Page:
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Does Hell Await Those Who Fall?
2 Peter 2:18-22

by Bob Wilkin

Last month we considered 2 Peter 1:10-11. This month we will consider another difficult passage in 2 Peter. Recently I received a question from a reader about 2 Peter 2:20-22. He felt that it dealt with unbelievers who knew about the gospel but had never really accepted it in their hearts. My understanding of the passage follows.

First, notice that there is a change in referrent. Verses 17 and preceding refer to coming false teachers. However, verses 18 through 22 refer to people who are duped by the false teachers. Verses 18 and 20 indicate that the people being drawn into sin by the false teachers are those "who have actually escaped from those who live in error" and who "have escaped the pollutions of the world through the knowledge of the Lord and Savior Jesus Christ." Only believers fit that description. [N.B. The word "knowledge" in v 20 is the same term which is used in 1:2,3,5,6. It is a term used in 2 Peter exclusively of believers. See also 1:1,9 and 3:1,8,14,17-18 for further proof that 2 Peter is addressed to believers.]

Second, it is evident in all three chapters of 2 Peter that Peter is concerned that his readers - believers - might fall into a sinful lifestyle as a result of the wiles of the false teachers whom he knows via prophecy are coming soon. Peter urges his believing readers to be diligent so as to keep from stumbling and falling (1:5,10; 2:18-22; 3:14,17). We err if we read into 2 Peter the idea that anyone who fell away would prove to be a false professor. Peter never questions the faith of his readers. Rather, he acknowledges it (e.g. 1:1). What he questions is the progress of their sanctification.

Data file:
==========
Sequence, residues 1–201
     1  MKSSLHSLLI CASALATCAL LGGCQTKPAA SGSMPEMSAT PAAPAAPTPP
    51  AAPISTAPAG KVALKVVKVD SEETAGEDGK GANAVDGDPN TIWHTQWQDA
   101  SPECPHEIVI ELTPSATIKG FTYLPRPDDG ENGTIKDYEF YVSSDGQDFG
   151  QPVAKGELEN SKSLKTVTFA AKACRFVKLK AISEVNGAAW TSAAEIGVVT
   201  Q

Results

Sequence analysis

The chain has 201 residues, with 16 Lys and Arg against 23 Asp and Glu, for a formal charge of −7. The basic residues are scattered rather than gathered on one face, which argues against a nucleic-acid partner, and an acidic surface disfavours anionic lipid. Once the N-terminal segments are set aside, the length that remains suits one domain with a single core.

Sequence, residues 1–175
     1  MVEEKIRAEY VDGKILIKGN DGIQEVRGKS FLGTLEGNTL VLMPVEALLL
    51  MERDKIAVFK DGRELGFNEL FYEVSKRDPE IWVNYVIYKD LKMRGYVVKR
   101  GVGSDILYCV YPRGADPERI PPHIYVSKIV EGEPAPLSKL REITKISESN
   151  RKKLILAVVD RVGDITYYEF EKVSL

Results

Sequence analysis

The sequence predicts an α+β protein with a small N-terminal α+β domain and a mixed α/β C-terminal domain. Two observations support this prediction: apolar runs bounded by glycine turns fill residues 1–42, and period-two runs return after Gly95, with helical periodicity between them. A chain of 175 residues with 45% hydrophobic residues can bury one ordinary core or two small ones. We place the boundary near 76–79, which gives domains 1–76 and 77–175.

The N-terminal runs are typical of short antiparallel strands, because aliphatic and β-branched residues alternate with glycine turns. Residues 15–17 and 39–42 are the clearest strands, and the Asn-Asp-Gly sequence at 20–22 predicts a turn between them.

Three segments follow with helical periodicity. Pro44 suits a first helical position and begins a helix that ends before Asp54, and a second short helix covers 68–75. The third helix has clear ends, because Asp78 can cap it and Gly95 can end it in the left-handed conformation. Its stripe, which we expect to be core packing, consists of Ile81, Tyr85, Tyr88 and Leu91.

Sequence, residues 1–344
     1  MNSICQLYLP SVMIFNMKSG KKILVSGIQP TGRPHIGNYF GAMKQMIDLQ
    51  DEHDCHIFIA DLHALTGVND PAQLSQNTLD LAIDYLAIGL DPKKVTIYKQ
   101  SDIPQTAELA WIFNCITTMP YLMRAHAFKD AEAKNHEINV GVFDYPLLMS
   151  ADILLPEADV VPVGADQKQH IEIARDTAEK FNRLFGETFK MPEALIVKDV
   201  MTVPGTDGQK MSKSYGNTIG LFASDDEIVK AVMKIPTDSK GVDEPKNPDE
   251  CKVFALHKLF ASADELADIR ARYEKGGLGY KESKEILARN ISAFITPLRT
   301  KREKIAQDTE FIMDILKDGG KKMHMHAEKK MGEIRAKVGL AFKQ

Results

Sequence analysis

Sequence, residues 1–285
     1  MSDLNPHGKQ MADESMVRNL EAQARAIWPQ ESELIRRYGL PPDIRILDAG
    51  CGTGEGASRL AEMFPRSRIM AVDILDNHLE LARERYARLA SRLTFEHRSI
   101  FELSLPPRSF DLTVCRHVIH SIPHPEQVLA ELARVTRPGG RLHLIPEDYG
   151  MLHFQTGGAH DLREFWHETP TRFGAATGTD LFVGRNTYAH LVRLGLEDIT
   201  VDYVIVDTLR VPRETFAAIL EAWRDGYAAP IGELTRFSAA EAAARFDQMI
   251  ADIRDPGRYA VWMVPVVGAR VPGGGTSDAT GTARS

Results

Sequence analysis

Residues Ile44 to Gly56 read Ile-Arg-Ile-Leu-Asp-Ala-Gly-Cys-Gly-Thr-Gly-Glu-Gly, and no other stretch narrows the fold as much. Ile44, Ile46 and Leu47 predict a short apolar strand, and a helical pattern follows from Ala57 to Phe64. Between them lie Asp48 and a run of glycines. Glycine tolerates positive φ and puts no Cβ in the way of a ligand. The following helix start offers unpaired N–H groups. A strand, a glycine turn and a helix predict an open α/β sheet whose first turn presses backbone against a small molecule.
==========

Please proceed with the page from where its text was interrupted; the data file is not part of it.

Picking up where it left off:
Third, the real question is this: What does Peter warn his readers will happen if they fall? Most commentators suggest that eternal judgment - hell - is in view. They point to verses 21 and 22 However, a careful reading of those verses suggest that temporal judgment, not hell, is in view. Notice what isn't said. Peter makes no reference to hell, the lake of fire, unending suffering, or any similar term or phrase. He instead says that it would be better for a believer never to know the way of righteousness than to have known it and then turn away in a licentious lifestyle.

It is a grievous mistake to understand those words to mean hell. If they do, Peter is teaching that believers can lose their salvation - something he did not believe (cf. Luke 10:20; John 13:10; Acts 10:43-48; 11:16-18; 15:7-11; 1 Peter 1:23-25; 2 Peter 1:9; 3:8-13). Rather, Peter is simply saying that if a believer grovels in a life of sin, his life here and now will be worse than if he had never become a Christian. While both non-Christians and Christians experience the terrible consequences of their sins here and now, those consequences are even worse for believers because we are God's children with the Holy Spirit living within us. Certainly conviction of sin is greater. So, too, new consequences for our sins come on the scene (e.g., rebuke by a Christian friend, church discipline). And, the more a believer resists God's discipline, the more He turns up the heat. That is not necessarily true for a non-Christian.

The reference to dogs and pigs in verse 22 is often cited as proof that false professors are in view. Actually I think the references show that believers are in view. Notice that the dog and pig are said to have been free from their filth. Only believers are free of their sins. Surely the reader of 2 Peter would harken back to 1:9 where Peter refers to his readers as being purged from their old sins. Peter was not referring to forgiveness there. All our sins, past, present, and future are forgiven in Christ. He was referring to our new natures. Believers have a nature which is free from the sins which used to enslave us. Whenever a believer walks in the darkness he has forgotten who he is (2 Peter 1:9) and has allowed the flesh to rear its ugly head.

The word "better" in 2 Peter 2:21 is crucial. When explaining this passage ask your audience, "better WHEN?" The text, properly understood, only allows one answer: better in this life. The false teachers promised their potential dupes liberty (2:19). They actually delivered bondage and temporal judgment. May we all take heed. Sin pays lousy dividends.

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